Evaluation of the psychometric properties of behavioral pain scales in ICU patients unable to self-report has been recently performed [7],[8]. Of the eight pain scales developed for adult ICU patients, the BPS and the CPOT were found to be the most valid and reliable. The present study [1] is the first to compare psychometric properties of these two pain scales in addition to the NVPS, at rest and during noxious (for example, turning and endotracheal suctioning) and non-noxious (for example, simple repositioning) procedures. Both the BPS and the CPOT showed the strongest psychometric properties in both intubated and non-intubated patients in comparison with the NVPS. These findings add arguments to the recommendations for the use of these two pain scales [2].

What are the next steps in relation to pain assessment in the ICU? First, there is a clear need to better evaluate the impact of pain assessment and management on patient outcomes. Few studies have shown that evaluating pain was associated with positive outcomes such as a shorter duration of mechanical ventilation and ICU length of stay and reduced adverse events [9]-[11]. Whether better management in the ICU may lead to reducing long-term negative consequences such as chronic pain and symptoms of post-traumatic stress disorder remains largely unknown. Second, there is a need for valid physiologic measures of pain, especially in ICU patients too sedated or paralyzed in whom behavioral responses cannot be observed. The use of pupillary reflex dilation has shown some promising findings [12]-[14]. Meanwhile, the best alternative measure to assess pain in non-verbal patients remains the use of behavioral scales.

Assessing pain in non-communicative ICU patients is challenging. The BPS and the CPOT have shown the strongest psychometric properties for this purpose. These scales should be incorporated into pain management protocols to target the desired levels of analgesia in order to optimize inter-professional practices and to achieve better patient outcomes.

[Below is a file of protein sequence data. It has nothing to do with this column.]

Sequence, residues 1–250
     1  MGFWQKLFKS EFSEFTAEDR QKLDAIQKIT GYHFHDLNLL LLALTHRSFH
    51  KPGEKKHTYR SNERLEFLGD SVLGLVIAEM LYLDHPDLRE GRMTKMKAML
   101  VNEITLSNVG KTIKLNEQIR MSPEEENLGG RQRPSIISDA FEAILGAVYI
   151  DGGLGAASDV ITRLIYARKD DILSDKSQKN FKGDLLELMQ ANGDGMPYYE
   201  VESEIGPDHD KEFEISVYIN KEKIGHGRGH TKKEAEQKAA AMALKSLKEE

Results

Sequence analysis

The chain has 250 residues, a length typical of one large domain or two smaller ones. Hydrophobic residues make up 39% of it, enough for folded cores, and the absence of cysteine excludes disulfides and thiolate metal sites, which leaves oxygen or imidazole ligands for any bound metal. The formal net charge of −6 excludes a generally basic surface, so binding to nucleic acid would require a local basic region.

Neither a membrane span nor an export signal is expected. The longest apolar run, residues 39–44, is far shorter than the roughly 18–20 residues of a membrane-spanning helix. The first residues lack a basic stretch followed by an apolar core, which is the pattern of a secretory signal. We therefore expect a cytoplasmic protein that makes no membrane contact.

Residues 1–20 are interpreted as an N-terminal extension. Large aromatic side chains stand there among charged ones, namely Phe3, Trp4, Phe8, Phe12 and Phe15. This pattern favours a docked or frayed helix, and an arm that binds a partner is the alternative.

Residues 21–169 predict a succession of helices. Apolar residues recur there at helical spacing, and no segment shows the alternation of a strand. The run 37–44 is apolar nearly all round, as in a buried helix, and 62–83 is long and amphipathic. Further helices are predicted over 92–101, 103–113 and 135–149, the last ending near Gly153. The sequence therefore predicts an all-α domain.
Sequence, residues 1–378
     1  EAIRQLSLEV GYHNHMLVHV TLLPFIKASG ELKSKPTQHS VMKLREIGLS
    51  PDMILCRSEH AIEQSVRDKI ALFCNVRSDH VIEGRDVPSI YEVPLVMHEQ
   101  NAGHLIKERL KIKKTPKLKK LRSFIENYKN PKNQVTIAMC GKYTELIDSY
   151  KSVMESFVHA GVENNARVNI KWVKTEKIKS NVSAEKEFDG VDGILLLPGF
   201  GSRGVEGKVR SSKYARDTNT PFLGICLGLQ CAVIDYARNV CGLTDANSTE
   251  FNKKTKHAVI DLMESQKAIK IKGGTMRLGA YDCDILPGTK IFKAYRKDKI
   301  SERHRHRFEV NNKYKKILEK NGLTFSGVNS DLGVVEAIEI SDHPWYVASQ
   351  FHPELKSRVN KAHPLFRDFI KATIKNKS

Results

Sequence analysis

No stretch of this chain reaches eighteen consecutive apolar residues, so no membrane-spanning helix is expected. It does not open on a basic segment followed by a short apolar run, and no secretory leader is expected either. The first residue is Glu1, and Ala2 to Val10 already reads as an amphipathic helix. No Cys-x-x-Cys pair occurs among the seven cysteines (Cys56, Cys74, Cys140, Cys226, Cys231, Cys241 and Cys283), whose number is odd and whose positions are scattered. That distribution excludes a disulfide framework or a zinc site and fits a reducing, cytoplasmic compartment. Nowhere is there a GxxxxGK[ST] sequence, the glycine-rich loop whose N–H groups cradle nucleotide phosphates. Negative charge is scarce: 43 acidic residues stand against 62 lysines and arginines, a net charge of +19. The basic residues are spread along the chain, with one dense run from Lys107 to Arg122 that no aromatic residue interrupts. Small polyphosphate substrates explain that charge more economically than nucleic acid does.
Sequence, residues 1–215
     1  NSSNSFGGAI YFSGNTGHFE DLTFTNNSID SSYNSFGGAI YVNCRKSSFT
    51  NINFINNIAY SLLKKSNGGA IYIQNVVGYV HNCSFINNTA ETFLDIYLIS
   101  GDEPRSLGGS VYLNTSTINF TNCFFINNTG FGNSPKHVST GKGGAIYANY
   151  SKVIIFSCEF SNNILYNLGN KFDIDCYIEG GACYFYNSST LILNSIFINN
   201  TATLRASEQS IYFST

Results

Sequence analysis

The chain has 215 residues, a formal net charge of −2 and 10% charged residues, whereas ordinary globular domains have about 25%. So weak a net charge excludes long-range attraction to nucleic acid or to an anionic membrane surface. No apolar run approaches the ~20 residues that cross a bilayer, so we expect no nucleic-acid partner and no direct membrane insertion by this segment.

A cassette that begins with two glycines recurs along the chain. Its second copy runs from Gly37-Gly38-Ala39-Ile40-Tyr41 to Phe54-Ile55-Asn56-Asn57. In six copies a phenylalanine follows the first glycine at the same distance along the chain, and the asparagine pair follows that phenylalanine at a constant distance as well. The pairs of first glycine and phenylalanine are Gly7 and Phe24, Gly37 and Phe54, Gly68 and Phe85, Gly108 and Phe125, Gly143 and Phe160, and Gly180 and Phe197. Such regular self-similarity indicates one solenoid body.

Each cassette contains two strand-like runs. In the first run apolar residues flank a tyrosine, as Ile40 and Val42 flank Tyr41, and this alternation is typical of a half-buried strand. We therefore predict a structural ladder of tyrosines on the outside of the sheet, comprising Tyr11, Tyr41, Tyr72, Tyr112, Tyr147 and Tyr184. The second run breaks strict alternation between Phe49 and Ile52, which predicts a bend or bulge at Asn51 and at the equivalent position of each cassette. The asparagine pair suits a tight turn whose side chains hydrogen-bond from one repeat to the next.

Abbreviations

BPS: 

Behavioral pain scale

CPOT: 

Critical-care pain observation tool

NVPS: 

Non-verbal pain scale

Declarations

Authors’ Affiliations

(1)
Department of Anaesthesia and Critical Care, Michallon Hospital, bd de la Chantourne, Grenoble, F-38000, France
(2)
Joseph Fourier University, Grenoble Institute of Neurosciences, Chemin Fortuné Ferrini, Grenoble, F-38042, France
(3)
INSERM, U836, Chemin Fortuné Ferrini, Grenoble, F-38042, France
(4)
Ingram School of Nursing, McGill University, 3506 University Street, Montréal, H3A 2A7, QC, Canada
(5)
Centre for Nursing Research and Lady Davis Institute, Jewish General Hospital, 3755 Cote Sainte Catherine Road, Montréal, H3T 1E2, QC, Canada

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Copyright

© Payen and Gélinas; licensee BioMed Central Ltd. 2014

This article is published under license to BioMed Central Ltd. The licensee has exclusive rights to distribute this article, in any medium, for 12 months following its publication. After this time, the article is available under the terms of the Creative Commons Attribution License (http://creativecommons.org/licenses/by/4.0), which permits unrestricted use, distribution, and reproduction in any medium, provided the original work is properly credited. The Creative Commons Public Domain Dedication waiver (http://creativecommons.org/publicdomain/zero/1.0/) applies to the data made available in this article, unless otherwise stated.